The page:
Linking to external files in web development

This one seems to trip people up quite a lot, especially when linking to js files or extrernal stylesheets, but it’s actually quite simple once you get your head around it.

Let’s say you have a page, ‘index.html’ that is linking to an external stylesheet (‘style.css’) which is contained in the same folder.


Linking your file in this case is so simple you probably already do it:-

<link href="style.css" />

Because the css file is at the same level as the one requesting it, nothing more complicated is needed.  Simple so far?

Ok, now let’s say you have a separate directory in your folder structure where you want to keep your external files, such as ‘styles’, seen below:-


In this case you need to change the link so that it points to the correct file and in the correct folder.  Your link would look like this:-

<link href="styles/style.css" />

As you can see we’ve specified the folder name and the file, making sure that we use a forward slash (/) to separate the folder name from the file name.  With me so far?

Ok, now here’s a more complicated  scenario.  In this scenario, the page we are looking at ‘index.html’ is inside another folder, but the stylesheet we want to use is in a parent, or containing folder instead:-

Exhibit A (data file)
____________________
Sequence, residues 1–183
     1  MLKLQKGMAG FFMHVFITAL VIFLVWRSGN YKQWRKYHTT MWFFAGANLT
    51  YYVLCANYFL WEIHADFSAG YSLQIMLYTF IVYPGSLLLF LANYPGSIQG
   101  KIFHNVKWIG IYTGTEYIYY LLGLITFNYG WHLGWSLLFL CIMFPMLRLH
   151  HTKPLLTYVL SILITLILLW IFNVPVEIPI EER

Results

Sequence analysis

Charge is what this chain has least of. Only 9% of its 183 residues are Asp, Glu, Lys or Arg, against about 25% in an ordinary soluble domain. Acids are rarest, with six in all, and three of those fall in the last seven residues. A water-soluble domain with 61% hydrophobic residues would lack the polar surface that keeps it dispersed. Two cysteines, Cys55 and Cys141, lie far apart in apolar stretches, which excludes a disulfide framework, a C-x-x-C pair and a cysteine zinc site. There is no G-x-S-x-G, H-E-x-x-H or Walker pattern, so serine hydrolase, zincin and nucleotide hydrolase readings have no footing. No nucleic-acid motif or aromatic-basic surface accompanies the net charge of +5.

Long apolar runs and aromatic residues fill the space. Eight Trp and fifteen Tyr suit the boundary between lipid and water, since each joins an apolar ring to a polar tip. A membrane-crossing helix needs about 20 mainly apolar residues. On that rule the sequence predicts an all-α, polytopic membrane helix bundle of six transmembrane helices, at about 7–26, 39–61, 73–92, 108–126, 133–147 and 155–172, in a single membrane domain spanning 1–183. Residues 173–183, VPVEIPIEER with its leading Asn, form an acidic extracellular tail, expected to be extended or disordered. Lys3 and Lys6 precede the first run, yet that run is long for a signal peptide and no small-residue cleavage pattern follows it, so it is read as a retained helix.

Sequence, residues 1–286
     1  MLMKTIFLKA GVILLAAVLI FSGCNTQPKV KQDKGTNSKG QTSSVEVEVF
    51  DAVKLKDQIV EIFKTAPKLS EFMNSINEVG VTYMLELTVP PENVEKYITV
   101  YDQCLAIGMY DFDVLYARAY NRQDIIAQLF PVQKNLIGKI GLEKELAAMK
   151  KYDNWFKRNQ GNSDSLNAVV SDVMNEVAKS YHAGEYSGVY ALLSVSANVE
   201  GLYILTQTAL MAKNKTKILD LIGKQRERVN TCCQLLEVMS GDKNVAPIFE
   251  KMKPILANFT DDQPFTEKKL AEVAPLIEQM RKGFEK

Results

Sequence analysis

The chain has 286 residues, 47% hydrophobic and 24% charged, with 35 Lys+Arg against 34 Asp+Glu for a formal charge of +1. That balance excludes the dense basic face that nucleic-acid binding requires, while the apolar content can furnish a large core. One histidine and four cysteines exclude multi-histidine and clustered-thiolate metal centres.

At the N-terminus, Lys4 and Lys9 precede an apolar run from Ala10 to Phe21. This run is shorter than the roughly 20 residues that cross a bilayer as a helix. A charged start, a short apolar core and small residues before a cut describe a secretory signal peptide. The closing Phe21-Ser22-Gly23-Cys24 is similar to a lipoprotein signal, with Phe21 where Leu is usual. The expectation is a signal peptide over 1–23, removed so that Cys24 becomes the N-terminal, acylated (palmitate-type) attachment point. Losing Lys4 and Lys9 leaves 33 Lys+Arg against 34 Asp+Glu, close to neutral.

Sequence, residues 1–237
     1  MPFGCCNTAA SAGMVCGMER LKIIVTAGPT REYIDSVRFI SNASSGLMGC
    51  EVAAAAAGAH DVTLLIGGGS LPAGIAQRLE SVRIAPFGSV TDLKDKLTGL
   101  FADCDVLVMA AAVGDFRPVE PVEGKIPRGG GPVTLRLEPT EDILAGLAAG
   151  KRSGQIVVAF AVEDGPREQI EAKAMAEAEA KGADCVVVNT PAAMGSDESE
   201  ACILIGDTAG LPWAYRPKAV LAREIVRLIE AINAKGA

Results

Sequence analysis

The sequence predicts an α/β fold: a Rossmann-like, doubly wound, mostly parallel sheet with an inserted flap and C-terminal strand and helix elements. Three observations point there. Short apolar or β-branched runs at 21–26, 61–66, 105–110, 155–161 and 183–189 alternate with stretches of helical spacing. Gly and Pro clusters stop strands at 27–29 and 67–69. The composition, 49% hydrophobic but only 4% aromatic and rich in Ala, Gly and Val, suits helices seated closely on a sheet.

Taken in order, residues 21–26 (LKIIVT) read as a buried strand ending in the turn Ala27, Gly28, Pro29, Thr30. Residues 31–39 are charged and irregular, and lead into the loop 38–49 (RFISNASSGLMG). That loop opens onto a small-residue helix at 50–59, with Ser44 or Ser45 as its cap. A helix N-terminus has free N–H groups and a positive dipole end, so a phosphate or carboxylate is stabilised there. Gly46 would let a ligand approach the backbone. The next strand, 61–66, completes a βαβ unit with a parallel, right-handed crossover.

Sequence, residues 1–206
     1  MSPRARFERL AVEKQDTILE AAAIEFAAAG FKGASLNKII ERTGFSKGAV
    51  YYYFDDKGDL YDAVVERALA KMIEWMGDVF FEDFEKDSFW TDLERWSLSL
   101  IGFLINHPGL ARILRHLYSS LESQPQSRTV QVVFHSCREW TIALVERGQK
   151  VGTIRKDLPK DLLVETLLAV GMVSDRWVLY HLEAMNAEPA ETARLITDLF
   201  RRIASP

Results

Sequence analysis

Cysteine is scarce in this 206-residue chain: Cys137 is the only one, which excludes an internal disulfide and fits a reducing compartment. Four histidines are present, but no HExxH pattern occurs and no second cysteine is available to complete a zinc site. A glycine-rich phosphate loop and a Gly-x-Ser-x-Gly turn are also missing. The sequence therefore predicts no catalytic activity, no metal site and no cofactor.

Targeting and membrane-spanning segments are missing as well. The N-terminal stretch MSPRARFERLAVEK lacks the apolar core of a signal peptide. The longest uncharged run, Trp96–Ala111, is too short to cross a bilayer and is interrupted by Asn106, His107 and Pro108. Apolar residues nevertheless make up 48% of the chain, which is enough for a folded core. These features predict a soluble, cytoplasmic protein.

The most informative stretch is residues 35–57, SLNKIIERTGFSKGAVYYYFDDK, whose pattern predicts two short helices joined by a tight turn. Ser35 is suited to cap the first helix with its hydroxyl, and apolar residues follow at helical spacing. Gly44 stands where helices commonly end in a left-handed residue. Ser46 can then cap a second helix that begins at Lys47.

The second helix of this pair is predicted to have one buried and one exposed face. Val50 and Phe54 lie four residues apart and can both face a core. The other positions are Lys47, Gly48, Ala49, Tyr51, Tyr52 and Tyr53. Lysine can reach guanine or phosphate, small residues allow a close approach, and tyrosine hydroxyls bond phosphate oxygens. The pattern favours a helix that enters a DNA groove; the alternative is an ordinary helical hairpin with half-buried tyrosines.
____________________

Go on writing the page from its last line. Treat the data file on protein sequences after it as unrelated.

Neither of the solutions we’ve used so far will get us anywhere.  Instead, we have to tell the html to move up a folder and then link to the file.  We do that by using two dots, like this ‘..’

So, in this case, we would link to our stylesheet like this:-

<link href="../style.css" />

What this is telling the browser is that the stylesheet is a folder up from where we are.

Now, finally, let’s look at a more complicated example, where the stylesheet is in a completely different folder from the html.


So, how you you think we get to our stylesheet?  The best way of figuring this out is to work out how we would tell the html where the css is located, and translate that into the correct notation:-

So, we need to move up a folder (../), and then select the styles folder (styles/) followed by the stylesheet file we want to link to (style.css).

Putting this all together will look like this:-

<link href="../styles/style.css" />

And the link should work perfectly.

This method of using ‘relative’ references to files in html is not only useful for linking to css files, you can use it for any resource that is linked to in your html, from js files, to images and more.  You can even use the same relative referencing for links to other pages in your website.  If you can get it around your head how this stuff works, it will make your life much easier.

One thing worth mentioning should be commonsense to you.  If you move any of the files you are linking to, then the hard-coded relative references will break, so make sure you always update the location in your html as well when you start moving files around.  Some IDEs do this for you automatically, but don’t take this for granted.

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